PW: Who would you like to read The Art of Happiness at Work?

Howard Cutler: Ideally, I would like it to be read by anyone who has to work for a living.

PW: Naturally. But how can work be considered from a spiritual perspective, beyond the obviously good aim of feeding our families and ourselves? Would the Dalai Lama say that work is another area where we can practice cultivating basic human values like kindness and compassion?

HC: I think so. I would add that he believes that happiness can be cultivated and that we can reshape our situation by reshaping our attitude.

PW: It was intriguing that he didn't pounce on the concept of flow. I would have thought that a description of a blissful state of absorption would have interested a man with such extensive experience in meditation. But he places much more importance on the cultivation of basic human values.

HC: I was surprised by that, too. A lot of people who are interested in the spiritual path, including me, are from a background where we emphasized mystical and higher meditative states. I've done a total turnaround since I've known the Dalai Lama, so that now I really value kindness, compassion, tolerance and all the basic human values.

PW: Also surprising is the Dalai Lama's refusal to categorize weapons as per se a bad thing. He declares the need for a defense against totalitarian regimes like China's. Certainly, there is a strong tendency to think that because he is a Buddhist leader, he must be a total pacifist. But it's not that simple, is it?

HC: His answer totally surprised me, too. In the years that I've known him, I've watched him evolve and his view become much more subtle and nuanced. His message is that things are not that simple and that there is always a larger view.

PW: How did you meet the Dalai Lama?

HC: I went to the University of Arizona medical school and in 1982, in my senior year, I got a three-month grant to study Tibetan medicine at the Tibetan Medical Center in Dharamsala, India [the home of the Dalai Lama]. The Dalai Lama's brother was the director of the medical center. I met him and his wife and children, and ultimately I met the Dalai Lama.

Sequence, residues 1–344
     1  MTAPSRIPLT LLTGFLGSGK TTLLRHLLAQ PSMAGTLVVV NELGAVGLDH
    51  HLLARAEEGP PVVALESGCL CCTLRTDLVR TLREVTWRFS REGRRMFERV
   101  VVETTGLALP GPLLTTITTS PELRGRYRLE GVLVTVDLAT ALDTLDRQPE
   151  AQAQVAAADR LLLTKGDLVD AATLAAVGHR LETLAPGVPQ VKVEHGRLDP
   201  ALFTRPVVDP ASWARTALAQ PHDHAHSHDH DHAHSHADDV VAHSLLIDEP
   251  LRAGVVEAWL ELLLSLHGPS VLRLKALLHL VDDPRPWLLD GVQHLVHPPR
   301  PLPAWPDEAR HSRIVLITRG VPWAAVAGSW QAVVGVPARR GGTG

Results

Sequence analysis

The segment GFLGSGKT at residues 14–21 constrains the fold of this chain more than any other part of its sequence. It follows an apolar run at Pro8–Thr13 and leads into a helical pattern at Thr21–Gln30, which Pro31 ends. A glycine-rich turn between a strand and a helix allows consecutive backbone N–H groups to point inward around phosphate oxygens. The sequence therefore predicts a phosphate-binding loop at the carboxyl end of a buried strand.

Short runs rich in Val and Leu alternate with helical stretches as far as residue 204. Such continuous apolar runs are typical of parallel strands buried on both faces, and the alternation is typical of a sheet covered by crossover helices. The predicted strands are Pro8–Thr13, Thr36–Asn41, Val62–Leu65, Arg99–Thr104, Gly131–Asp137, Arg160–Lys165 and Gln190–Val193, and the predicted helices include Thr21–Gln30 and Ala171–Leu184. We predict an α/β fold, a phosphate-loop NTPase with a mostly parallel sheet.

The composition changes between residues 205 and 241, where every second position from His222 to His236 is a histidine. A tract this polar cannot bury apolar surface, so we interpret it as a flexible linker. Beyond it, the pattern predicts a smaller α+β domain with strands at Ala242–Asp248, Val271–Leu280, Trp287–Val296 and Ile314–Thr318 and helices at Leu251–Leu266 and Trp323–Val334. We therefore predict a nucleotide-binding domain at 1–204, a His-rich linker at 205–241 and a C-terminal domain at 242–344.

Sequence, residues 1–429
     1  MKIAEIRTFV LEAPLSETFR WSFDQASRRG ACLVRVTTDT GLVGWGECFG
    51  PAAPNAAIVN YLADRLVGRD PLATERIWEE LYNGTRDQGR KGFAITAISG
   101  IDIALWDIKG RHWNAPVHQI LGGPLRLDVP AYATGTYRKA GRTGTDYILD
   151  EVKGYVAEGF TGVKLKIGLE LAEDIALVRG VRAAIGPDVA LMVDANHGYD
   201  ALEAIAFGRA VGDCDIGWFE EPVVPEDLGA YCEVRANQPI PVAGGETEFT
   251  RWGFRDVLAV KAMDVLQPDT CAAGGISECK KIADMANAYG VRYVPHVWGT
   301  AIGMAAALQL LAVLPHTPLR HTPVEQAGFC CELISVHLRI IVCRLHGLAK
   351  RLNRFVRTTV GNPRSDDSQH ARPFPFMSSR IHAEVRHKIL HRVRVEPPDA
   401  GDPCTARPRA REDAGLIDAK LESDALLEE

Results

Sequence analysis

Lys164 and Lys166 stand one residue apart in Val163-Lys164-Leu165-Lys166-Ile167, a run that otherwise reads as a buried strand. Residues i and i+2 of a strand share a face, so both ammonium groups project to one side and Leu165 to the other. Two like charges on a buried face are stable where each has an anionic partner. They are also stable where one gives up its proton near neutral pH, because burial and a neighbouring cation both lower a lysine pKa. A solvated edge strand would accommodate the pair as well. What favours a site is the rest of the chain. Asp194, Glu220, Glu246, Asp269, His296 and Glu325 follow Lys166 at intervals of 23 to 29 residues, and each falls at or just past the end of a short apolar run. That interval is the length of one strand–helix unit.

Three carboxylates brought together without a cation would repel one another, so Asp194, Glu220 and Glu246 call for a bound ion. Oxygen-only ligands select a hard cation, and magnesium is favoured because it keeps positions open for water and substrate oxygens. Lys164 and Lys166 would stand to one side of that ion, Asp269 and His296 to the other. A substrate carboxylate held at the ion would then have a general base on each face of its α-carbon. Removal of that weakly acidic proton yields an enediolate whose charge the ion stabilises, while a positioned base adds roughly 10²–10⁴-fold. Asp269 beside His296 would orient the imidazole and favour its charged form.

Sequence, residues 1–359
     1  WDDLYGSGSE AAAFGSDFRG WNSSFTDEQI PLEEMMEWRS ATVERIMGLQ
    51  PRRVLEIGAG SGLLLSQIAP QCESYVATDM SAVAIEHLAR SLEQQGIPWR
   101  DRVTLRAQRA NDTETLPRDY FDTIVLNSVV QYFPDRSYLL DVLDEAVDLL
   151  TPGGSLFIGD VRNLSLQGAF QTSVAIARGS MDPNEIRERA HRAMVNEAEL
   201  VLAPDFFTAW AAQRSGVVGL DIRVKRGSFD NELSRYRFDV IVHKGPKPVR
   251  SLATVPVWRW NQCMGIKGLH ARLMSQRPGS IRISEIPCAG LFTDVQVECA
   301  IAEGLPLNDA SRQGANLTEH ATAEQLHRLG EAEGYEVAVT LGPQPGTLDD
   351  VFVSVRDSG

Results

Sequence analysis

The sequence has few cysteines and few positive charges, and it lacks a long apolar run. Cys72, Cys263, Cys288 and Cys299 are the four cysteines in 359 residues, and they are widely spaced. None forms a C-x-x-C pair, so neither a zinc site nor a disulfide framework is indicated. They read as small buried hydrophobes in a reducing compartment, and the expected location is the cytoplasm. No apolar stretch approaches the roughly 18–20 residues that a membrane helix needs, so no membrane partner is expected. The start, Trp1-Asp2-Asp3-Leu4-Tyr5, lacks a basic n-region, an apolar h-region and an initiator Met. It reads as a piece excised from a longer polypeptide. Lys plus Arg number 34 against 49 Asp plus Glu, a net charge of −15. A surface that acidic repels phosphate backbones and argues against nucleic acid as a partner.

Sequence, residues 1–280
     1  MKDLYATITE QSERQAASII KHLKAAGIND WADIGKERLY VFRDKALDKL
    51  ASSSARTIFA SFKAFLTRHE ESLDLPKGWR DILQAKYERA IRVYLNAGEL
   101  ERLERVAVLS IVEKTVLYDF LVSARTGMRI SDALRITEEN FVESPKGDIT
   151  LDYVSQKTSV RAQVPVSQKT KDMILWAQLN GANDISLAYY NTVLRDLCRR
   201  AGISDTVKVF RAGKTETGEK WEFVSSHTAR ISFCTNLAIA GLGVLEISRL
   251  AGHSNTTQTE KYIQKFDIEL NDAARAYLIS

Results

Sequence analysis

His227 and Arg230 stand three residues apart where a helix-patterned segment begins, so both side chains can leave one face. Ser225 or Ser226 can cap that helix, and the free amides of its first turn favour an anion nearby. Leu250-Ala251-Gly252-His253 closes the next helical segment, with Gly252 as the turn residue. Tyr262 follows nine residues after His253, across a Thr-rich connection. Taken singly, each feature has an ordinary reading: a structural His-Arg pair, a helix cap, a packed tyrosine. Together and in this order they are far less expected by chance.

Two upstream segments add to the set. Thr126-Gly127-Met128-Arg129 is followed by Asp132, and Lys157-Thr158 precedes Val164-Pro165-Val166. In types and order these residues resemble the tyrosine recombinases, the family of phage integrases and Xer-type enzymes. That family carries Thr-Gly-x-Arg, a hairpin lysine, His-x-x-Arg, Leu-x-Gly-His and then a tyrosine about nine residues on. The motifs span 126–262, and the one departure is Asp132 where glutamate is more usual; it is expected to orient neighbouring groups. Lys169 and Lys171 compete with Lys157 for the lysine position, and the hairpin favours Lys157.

PW: How did the Art of Happiness come about?

HC: I first had the idea in 1991, although the original conception changed quite a bit. I always go to see the Dalai Lama well prepared with notes and studies, but he doesn't follow my agenda, and things grow organically. But the original conception was to do a book that was not Buddhist but was for a Western audience. I thought he would resist. In fact, I had a case prepared to persuade him of the usefulness of the book. But he said, "That sounds good." I didn't get to use any of my arguments. He has a strong interest in secular ethics and a real desire to help people. The Art of Happiness addresses the psychological dimension of his ethics, and this book addresses real-world implementation.

PW: How long did this take you?

HC: I began the book in December 2000. I did several week-long interviews in Dharamsala and I saw him for a week in Prague when he had time. And I tagged along on his tour of the States.

PW: Were you surprised by the staggering success of The Art of Happiness? Was the Dalai Lama surprised?

HC: We were both totally surprised. The original print run for that book was 20,000 copies ,and the editor didn't think it would sell that.

PW: How did the idea of doing a number of sequels come about?

HC: People would write in and ask what about this, what about that. We got together and it became clear that there was too much stuff to address for one book. He left it totally up to me. That is, he said, "You choose how to present it and I'll discuss what I want to discuss." We have tentatively planned to do The Art of Happiness in a Troubled World, a book on practicing the art of happiness and a book on business and leadership.